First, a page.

So how successful were the alleged psy-ops project against the senators and other VIP visitors hosted by Caldwell? Hastings wrote that “there is no way to tell what, if any, influence it had on American policy. What is clear is that in January 2011, Caldwell’s command asked the Obama administration for another $2 billion to train an additional 70,000 Afghan troops — an initiative that will already cost U.S. taxpayers more than $11 billion this year. Among the biggest boosters in Washington to give Caldwell the additional money? Sen. Carl Levin, one of the senators whom Holmes had been ordered to target.”

In response to the Rolling Stone article, military officials insisted that neither Caldwell nor his staff did anything wrong, with a spokesman for the general categorically denying “the assertion that the command used an Information Operations Cell to influence Distinguished Visitors.” Even so, Hastings related in his article, following the legal opinion offered by the JAG lawyer, the orders for Holmes and his IO staff were rewritten to stipulate that all they were to do was use publicly available records to create profiles on U.S. visitors for Caldwell.

In the wake of the article, Lieutenant Colonel Shawn Stroud, communications head for the Afghan training mission (NTM-A) under Caldwell’s command, emphasized that Holmes and other IO operatives were not pressured to engage in psychological manipulation of visiting senators or other VIPs. “Personnel with backgrounds in IO were utilized only because of their availability,” Stroud said in a prepared statement. “They were never directed to use their specific IO skills while preparing background information for the command in advance of distinguished guest visits.”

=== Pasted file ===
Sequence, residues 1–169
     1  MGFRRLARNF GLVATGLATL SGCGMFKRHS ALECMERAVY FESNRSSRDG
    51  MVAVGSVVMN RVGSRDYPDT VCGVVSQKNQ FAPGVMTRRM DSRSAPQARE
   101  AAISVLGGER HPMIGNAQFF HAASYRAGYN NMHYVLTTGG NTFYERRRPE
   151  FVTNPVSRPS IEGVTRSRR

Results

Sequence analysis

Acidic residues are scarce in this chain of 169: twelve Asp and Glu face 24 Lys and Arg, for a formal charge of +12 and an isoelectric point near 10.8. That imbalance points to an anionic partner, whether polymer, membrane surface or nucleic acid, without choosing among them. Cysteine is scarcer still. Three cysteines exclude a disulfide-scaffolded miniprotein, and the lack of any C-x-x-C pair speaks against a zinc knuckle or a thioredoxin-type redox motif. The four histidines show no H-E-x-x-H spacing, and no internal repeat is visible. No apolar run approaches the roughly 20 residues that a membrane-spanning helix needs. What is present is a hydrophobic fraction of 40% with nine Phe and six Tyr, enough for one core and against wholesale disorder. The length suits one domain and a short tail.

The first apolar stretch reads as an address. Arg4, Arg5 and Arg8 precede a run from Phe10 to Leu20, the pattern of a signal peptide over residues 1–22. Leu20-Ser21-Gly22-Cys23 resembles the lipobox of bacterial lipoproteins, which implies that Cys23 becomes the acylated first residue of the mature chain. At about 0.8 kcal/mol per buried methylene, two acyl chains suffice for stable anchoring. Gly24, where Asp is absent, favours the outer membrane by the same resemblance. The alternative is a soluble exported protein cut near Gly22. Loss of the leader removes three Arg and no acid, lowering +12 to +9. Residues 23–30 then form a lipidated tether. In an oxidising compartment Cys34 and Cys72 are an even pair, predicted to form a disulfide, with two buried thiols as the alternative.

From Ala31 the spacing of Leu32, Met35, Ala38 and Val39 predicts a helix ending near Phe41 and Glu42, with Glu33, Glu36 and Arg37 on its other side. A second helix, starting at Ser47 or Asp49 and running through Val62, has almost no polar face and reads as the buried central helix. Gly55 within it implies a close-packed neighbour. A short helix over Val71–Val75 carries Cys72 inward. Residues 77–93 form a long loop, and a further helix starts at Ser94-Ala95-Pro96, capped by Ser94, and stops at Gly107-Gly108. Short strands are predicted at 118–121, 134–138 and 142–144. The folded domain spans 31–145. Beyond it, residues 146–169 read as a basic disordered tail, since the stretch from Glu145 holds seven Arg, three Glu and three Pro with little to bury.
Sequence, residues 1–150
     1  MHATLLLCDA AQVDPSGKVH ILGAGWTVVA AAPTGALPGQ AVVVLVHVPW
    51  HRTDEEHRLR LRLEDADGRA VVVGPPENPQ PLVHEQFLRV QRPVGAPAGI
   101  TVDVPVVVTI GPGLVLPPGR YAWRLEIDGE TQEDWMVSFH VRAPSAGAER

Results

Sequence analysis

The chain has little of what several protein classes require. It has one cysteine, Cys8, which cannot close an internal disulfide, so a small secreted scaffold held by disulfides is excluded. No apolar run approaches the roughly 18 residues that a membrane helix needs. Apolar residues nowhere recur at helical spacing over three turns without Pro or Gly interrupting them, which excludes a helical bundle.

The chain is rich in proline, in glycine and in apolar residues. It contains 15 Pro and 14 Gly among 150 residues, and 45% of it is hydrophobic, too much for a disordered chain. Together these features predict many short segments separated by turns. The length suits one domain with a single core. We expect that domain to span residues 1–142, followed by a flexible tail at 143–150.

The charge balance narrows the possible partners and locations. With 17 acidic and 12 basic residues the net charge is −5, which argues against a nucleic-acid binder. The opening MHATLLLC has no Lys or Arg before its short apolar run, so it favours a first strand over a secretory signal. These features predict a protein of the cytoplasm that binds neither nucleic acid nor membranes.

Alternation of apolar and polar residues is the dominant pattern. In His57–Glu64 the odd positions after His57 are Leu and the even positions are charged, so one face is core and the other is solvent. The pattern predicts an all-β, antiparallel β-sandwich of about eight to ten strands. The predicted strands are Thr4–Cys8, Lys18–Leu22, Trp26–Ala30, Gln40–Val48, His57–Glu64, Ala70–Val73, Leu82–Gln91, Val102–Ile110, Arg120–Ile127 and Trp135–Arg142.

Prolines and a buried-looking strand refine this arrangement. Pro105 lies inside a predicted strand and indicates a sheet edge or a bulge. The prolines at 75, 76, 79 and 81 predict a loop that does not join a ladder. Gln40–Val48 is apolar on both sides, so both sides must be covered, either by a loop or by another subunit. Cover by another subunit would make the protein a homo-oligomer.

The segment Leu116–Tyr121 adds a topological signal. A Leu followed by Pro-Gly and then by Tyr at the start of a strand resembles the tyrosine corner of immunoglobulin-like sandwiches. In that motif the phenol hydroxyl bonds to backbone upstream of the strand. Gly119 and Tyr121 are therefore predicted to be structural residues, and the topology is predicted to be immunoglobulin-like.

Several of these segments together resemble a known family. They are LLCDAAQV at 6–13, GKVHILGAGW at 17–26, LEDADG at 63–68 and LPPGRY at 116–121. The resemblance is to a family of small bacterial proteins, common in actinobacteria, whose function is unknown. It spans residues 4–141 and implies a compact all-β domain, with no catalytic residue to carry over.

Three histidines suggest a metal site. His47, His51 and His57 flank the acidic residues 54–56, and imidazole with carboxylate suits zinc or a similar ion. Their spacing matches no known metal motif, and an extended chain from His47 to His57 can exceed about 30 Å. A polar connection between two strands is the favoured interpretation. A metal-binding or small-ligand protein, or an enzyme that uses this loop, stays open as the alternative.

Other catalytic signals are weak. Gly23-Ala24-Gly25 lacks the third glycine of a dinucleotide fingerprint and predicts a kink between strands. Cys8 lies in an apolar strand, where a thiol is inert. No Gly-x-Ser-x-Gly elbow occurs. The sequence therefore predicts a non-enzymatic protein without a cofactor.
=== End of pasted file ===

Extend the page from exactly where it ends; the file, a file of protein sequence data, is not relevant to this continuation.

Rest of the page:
While Holmes continued to stick to his story a week after the Rolling Stone article was published, one senior U.S. military official involved in the Afghan training mission told Fox News he believed that the genesis of the article was Holmes’ dissatisfaction “because his original assignment to influence Afghans was no longer needed when Caldwell took up the training command.” FOX reported that “Holmes apparently thought he was supposed to use ‘psychological operations’ to find the Taliban and ‘turn them,’ according to the officer. But that wasn’t what Caldwell’s command wanted of him.”

Another military official told Fox that Caldwell’s instructions to Holmes were “to do homework on the visitors and provide prep material for the general.” The officer added that Holmes’ own statements demonstrated “that is not the mission he wanted to do and he became disgruntled. Here is an analogy: I am a combat engineer trained to deal with mines and demolition. I like to do that, but for the past few years I am assigned to do staff work which is boring and not what I think I should be doing.”

Following publication of the article, a group of retired military officers and civilians who had worked with Caldwell published an open letter in defense of the general, insisting that he is “beyond reproach, humble to a fault, unfailingly supportive of civilian leadership and the military chain of command, and a skeptic of anyone who suggests an officer in the United States is anything less.” The group added that the “accusations of a disgruntled officer do not reflect the person or leader we know and are totally disconnected with the reality we have experienced.”

Nonetheless, on February 24 the U.S. command in Afghanistan issued a statement saying that General David H. Petraeus was “preparing to order an investigation to determine the facts and circumstances surrounding the issue.”